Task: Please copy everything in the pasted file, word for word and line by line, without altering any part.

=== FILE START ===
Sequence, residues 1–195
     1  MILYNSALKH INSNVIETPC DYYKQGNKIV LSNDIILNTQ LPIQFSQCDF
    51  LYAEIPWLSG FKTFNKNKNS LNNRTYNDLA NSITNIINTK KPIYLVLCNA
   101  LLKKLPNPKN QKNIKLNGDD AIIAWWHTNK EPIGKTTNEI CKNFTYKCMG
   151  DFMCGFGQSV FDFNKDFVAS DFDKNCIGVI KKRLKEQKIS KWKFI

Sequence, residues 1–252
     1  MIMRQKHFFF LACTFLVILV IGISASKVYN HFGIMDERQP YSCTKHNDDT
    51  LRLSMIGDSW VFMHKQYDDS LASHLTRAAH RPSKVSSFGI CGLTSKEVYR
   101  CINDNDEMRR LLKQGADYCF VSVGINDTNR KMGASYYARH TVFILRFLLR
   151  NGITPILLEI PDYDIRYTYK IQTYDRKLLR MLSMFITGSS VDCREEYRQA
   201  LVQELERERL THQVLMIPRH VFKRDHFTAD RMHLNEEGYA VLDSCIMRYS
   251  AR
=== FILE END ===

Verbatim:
Sequence, residues 1–195
     1  MILYNSALKH INSNVIETPC DYYKQGNKIV LSNDIILNTQ LPIQFSQCDF
    51  LYAEIPWLSG FKTFNKNKNS LNNRTYNDLA NSITNIINTK KPIYLVLCNA
   101  LLKKLPNPKN QKNIKLNGDD AIIAWWHTNK EPIGKTTNEI CKNFTYKCMG
   151  DFMCGFGQSV FDFNKDFVAS DFDKNCIGVI KKRLKEQKIS KWKFI

Sequence, residues 1–252
     1  MIMRQKHFFF LACTFLVILV IGISASKVYN HFGIMDERQP YSCTKHNDDT
    51  LRLSMIGDSW VFMHKQYDDS LASHLTRAAH RPSKVSSFGI CGLTSKEVYR
   101  CINDNDEMRR LLKQGADYCF VSVGINDTNR KMGASYYARH TVFILRFLLR
   151  NGITPILLEI PDYDIRYTYK IQTYDRKLLR MLSMFITGSS VDCREEYRQA
   201  LVQELERERL THQVLMIPRH VFKRDHFTAD RMHLNEEGYA VLDSCIMRYS
   251  AR